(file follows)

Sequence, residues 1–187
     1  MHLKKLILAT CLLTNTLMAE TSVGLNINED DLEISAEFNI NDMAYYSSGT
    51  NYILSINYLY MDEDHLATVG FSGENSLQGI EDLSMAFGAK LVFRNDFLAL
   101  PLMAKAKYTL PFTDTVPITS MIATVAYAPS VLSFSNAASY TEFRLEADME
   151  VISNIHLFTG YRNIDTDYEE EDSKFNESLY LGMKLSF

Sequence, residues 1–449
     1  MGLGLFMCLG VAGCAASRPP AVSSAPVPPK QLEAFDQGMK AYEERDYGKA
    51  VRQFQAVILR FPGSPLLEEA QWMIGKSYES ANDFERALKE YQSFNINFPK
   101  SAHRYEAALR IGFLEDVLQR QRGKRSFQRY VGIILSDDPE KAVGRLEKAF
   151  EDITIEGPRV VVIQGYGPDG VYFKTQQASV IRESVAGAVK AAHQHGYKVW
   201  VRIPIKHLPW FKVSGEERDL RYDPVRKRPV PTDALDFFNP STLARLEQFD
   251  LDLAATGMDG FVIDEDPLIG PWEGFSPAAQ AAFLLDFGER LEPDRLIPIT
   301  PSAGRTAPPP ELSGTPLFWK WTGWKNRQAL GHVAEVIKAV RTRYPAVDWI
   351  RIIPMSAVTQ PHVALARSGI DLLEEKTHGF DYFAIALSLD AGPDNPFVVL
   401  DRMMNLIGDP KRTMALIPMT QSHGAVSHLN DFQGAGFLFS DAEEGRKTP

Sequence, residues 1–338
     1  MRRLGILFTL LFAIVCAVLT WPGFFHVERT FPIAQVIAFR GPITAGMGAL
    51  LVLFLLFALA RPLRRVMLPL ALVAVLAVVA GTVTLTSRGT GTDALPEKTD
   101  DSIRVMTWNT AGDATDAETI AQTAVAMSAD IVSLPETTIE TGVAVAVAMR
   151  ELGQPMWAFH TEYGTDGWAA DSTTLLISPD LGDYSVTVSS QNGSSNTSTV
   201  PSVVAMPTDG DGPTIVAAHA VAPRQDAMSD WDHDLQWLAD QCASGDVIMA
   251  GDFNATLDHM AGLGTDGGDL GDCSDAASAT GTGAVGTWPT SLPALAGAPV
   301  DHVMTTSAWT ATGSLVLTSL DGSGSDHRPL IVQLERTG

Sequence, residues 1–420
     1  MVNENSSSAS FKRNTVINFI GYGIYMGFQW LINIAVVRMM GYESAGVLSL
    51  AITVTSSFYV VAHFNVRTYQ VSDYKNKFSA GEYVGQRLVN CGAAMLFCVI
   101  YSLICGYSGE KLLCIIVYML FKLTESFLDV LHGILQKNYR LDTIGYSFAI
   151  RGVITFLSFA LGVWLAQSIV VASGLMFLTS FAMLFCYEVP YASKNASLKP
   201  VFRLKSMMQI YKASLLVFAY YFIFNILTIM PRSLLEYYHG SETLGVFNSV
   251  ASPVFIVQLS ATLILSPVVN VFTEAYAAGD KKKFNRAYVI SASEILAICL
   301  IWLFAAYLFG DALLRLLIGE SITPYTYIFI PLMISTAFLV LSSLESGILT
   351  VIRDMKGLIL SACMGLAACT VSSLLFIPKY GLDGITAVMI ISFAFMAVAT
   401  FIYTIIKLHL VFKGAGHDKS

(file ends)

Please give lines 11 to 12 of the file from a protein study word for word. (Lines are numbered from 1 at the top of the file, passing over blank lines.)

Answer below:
   201  VRIPIKHLPW FKVSGEERDL RYDPVRKRPV PTDALDFFNP STLARLEQFD
   251  LDLAATGMDG FVIDEDPLIG PWEGFSPAAQ AAFLLDFGER LEPDRLIPIT